The Zaggometry is a clever little piece of electronics which can read the NAZA GPS coordinates of you copter and send it over the telemetry link down to your Taranis RC-remote for display and logging. In other words, it is a bit like a Flytrex Live flight recorder for your Taranis. The 29€ Zaggomety was developed and is produced(!) by Eberhard Rensch in Germany. In this article I would like to show how I installed it in my TBS Discovery Pro and the data I logged during a test flight (video).
Installing the Zaggometry in the TBS Discovery Pro
The Zaggometry connects on one end to the telemetry port on the X8R receiver and on the other end to the NAZA flight controller. For sensing the GPS location and LiPo voltage it comes with two adapters which have to be inserted into already existing cables. The 4-pin adaptor sits between the GPS connector and the NAZA to read the location. The 3-pin version sits between the NAZA and the PMU to read the LiPo voltage. The space on a TBS Discovery Pro is quite limited, especially between the battery compartment and the GPS connector.
The Zaggometry extends the GPS connector all the way into your battery compartment causing mechanical strain on the GPS connection. Therefore, I decided not to use the connector from the Zaggometry. Instead I soldered the wire directly to NAZA GPS connector.
Logging and visualizing on the Taranis
Once everything is connected, the new telemetry data is automatically transmitted and the Taranis can display the real-time data on the telemetry screen or logging it to the SD card. The type of data displayed on screen as well as the SD logging function are configured in the model settings.
I’ve updated my Taranis model file which you can download here. Coming soon.
GPS support was added to the Taranis firmware v1.1.01 (corresponding to openTX r2822) in October 2013. If your radio is from one of the first batches before that date, you might want to upgrade directly to openTX 2.0, which I did.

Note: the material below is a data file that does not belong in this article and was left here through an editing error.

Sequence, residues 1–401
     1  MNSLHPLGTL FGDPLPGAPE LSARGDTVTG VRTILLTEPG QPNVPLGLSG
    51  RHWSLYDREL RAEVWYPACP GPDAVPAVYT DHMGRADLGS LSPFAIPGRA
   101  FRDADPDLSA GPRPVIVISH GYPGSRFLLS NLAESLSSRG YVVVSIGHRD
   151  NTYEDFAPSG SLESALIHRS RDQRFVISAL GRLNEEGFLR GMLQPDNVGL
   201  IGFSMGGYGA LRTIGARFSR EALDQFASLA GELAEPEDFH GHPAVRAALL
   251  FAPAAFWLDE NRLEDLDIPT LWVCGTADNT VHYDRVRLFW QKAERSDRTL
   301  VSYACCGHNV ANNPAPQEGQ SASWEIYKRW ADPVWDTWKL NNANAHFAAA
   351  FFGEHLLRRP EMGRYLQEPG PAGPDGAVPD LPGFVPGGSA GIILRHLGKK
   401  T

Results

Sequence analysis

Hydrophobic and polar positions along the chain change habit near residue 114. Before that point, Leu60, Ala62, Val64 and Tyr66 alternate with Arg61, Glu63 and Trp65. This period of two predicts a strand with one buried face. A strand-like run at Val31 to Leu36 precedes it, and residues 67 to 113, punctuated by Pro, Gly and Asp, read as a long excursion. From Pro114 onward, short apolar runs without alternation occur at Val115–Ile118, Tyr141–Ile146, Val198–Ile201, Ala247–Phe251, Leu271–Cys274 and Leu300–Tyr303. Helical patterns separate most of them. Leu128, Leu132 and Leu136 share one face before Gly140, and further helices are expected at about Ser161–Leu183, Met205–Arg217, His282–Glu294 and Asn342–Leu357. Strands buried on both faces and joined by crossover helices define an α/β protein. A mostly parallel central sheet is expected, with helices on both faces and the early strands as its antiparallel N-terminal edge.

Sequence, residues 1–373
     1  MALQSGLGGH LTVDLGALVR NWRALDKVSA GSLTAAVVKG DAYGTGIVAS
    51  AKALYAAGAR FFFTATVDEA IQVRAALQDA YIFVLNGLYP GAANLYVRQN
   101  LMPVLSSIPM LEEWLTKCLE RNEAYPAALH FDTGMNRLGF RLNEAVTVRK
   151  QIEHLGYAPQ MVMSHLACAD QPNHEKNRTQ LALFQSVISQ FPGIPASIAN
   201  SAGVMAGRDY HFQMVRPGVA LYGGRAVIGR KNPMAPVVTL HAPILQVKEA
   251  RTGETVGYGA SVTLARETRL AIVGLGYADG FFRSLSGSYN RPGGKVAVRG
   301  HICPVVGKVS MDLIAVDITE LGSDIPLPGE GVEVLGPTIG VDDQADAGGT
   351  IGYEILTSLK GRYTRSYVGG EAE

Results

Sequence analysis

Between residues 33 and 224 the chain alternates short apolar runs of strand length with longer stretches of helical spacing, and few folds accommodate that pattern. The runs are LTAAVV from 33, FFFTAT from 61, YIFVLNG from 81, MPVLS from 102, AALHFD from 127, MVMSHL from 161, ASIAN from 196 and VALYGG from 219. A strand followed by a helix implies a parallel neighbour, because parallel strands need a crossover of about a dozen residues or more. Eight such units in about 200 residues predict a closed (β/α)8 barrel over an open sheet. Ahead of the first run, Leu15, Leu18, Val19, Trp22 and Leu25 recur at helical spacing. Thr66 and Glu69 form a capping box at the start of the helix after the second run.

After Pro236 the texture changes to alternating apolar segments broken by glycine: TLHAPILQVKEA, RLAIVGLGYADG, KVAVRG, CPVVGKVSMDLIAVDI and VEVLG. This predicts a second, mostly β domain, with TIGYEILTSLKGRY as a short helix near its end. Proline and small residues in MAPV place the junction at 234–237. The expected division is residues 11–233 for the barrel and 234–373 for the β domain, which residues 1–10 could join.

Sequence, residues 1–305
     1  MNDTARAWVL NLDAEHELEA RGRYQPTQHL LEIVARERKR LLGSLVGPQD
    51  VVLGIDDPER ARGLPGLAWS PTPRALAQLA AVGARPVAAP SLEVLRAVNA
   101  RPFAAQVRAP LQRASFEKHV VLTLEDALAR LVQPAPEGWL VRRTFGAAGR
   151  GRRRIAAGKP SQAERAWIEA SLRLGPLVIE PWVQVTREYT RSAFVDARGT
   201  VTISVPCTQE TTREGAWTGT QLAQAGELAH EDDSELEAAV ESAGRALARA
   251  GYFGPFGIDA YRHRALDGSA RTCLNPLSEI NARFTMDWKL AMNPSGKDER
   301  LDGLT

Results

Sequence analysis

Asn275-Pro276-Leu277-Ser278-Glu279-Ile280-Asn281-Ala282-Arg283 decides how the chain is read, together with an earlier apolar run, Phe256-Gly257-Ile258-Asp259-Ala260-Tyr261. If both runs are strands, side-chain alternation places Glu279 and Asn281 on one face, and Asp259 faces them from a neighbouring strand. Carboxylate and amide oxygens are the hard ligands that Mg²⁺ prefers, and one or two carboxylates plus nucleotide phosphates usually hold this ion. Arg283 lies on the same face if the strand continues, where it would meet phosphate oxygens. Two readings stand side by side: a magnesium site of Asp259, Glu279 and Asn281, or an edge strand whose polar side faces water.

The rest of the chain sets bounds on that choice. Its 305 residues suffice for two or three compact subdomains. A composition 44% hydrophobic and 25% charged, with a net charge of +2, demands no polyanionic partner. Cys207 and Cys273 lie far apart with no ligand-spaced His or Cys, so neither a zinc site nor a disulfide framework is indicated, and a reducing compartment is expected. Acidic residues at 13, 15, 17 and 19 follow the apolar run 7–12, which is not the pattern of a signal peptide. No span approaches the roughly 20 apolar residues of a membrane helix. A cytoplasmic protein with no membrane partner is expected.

I did a first test flight which you can see on this map and in the video. I am still trying to find you a best way of visualizing the flight path. So far I am manually converting the GPS coordinates in a spread-sheet and then converting the results into GPX format.
[map style=”width: auto; height:400px; margin:20px 0px 20px 0px; border: 1px solid black;” gpx=”http://www.fpvblog.com/wp-content/uploads/Sheet111GPXsimple.gpx” elevation=”no”]
First overal impression
The Zaggometry works out of the box, is simple to install but still has some minor bugs (v1.1) which need to be ironed out in the firmware. For me, it deserves huge credit for allowing to connect devices of two different manufacturers, here DJI and frsky. Compatibility between competing manufacturers is still very limited in the RC world. The Zaggometry fills this gap very nicely. The test flight was done with v1.1 of the Zagometry firmware. As one can see this firmware shows some GPS path artifacts (rectangular corners) which must come from latitude and longitude not being updated correctly. Furthermore, it has some more known smaller bugs. If you want an alternative for a FlyTrex with works with your Taranis I can highly recommend the Zaggometry. It might need one or the other firmware update which is a bit tricky to do, in order to mature.
Updating the Zaggometry firmware to v1.2
If you buy your Zaggometry now, you will most probably want know how tricky it is to upgrade the firmware in the future. In general you need some extra pieces of electronics and a terminal program. It is not overly difficult, but it is not plug-and-play like the normal operation of the Zaggometry. It requires some lower-level knowledge of how to connect an FTDI board with a terminal program. It has simillarities to programming an arduino. The process is described in their manual. I used this FTDI board from watterot, but any 5V version should do the trick. As an OSX Maveriks user I had remove the faulty Apple driver and install a new one, as described here, otherwise the firmware upload gives errors. Good Luck!